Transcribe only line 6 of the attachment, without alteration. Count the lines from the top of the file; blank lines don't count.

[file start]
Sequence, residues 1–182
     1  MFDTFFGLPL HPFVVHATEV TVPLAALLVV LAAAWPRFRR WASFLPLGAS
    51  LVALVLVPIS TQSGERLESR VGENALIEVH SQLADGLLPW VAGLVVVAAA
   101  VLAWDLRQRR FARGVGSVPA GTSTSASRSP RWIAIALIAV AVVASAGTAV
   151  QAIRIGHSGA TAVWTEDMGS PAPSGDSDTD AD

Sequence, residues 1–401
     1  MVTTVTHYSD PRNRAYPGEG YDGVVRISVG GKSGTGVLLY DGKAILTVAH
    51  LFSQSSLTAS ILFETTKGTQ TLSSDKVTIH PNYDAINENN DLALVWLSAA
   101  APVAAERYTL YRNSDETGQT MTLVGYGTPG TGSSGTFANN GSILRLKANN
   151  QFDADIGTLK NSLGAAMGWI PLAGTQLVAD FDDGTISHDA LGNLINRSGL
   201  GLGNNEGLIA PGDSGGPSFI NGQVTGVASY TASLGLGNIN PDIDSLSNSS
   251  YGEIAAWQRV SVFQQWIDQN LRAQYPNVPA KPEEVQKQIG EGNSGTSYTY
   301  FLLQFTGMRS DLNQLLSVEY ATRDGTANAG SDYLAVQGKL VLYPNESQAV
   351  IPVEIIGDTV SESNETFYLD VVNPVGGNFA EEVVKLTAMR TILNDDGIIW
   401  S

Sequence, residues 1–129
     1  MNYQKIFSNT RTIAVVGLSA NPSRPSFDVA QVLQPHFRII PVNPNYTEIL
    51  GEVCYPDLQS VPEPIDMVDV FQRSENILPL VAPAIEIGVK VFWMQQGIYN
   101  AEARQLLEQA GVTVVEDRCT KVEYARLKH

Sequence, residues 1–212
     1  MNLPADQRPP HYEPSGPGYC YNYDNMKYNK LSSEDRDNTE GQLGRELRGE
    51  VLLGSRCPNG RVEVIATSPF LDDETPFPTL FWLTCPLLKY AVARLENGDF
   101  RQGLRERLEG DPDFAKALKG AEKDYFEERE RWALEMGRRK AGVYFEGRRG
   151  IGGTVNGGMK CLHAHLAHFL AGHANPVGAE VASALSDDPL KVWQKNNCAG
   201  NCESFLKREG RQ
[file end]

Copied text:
Sequence, residues 1–401